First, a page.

In 1948, only three years after the end of World War II, the Faculty of Letters and Law was established at Osaka University. It was the first academic body for humanities and social sciences at the university, which was founded in 1931 as the sixth imperial university in Japan. The people of Osaka welcomed this new faculty in the hope that it would help the rising generation to rebuild and democratize the country, which had been devastated by the war. Respected academics of the day were actively involved in the establishment of the faculty.
Five years later, in 1953, the faculty was divided into separate faculties of Law, Letters, and Economics as a result of a fundamental restructuring of the university organization. Since then, the Faculty of Law has developed steadily, maintaining a healthy respect for both tradition and innovation as it has grown.
Now the Faculty of Law, which started with only 16 professors in 1953, has about 100 full-time professors and is widely recognized as one of Japan’s top-ranking institutions for legal education and research. Thousands of graduates of the faculty are playing essential roles in the legal profession, government, business, industry, and academic institutions, both in Japan and around the world. In 2008, the Faculty celebrated its 60th Anniversary.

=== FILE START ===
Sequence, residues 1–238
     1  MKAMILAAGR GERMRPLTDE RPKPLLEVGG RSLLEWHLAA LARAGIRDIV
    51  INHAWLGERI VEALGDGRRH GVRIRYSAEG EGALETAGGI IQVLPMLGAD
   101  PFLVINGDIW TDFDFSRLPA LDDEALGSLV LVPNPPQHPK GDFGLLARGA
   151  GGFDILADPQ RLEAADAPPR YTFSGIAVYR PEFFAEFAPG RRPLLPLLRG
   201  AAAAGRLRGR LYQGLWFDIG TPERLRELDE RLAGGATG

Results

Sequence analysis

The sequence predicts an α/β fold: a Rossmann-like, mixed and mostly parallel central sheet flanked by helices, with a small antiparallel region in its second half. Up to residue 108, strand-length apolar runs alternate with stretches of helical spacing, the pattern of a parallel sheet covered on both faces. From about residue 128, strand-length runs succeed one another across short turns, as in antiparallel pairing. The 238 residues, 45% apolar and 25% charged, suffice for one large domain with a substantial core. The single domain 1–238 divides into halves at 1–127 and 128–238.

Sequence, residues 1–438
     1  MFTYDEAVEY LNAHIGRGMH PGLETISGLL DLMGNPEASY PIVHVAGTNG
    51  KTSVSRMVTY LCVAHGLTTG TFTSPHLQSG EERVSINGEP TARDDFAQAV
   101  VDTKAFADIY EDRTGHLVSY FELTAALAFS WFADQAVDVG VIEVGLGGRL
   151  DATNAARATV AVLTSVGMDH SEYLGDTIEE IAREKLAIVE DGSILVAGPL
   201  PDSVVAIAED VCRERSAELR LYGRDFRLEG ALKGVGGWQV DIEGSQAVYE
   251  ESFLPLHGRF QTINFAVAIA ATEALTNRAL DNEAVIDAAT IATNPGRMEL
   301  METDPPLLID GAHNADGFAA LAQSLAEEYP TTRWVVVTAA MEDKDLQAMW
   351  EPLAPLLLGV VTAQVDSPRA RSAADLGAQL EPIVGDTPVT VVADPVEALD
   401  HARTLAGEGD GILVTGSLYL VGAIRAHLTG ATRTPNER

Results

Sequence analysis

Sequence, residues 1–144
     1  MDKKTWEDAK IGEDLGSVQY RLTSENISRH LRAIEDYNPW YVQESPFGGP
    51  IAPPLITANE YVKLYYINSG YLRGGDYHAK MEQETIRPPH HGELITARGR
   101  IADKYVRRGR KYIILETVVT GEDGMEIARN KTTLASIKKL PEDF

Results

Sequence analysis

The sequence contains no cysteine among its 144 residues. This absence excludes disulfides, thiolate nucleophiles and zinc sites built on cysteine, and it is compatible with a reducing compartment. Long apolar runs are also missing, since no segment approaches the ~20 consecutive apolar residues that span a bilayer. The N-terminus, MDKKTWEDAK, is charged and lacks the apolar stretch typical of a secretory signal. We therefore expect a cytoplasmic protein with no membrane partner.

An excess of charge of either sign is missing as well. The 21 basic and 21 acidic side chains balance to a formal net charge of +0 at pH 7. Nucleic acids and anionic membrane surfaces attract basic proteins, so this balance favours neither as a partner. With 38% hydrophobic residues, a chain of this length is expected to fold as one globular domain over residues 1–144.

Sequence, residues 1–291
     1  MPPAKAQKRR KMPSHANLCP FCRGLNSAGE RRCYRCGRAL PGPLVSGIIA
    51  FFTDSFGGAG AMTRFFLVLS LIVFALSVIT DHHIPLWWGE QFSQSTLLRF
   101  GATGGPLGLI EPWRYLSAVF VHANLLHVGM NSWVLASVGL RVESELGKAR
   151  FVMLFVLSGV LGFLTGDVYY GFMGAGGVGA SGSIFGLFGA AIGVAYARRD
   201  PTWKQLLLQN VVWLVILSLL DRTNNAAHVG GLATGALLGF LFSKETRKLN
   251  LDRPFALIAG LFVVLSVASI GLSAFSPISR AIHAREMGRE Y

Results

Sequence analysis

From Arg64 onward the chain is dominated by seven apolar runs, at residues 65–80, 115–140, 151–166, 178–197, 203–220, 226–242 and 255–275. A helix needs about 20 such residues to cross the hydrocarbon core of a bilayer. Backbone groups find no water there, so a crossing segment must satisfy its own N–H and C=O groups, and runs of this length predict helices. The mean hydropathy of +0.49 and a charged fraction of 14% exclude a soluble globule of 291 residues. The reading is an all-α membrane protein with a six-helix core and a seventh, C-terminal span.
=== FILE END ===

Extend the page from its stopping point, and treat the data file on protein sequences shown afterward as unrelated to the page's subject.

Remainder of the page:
The Faculty of Law offers an undergraduate program, which is officially called the School of Law. In 2008, it was divided into two departments, the Department of Law and the Department of International Public Policy. 250 new students are enrolled every year and the student-faculty ratio of the program is ideal.
The Faculty of Law also offers a graduate program, which is officially called the Graduate School of Law and Politics. Currently, there are 85 students in the master's program, of whom 31 are international students, and there are 37 students in the doctoral program, of whom 13 are international students. The master's program of the Graduate School of Law and Politics consists of three sub-programs with different goals and curricula, being those of Public Law and Policy, Comparative Law and Politics, and Intellectual Property Law. The goal of the Public Law and Policy program is to provide future professionals with advanced knowledge and expertise in law and political science, whereas the Comparative Law and Politics program is aimed at providing high level skills in research and scholarship for those interested in an academic career path. The Intellectual Property Law program is specifically for future specialists of the field.
In 2004, the Osaka University Law School
was established as a professional graduate school, separate from the existing graduate programs, with a 3-year educational program designed primarily for those aspiring to become lawyers.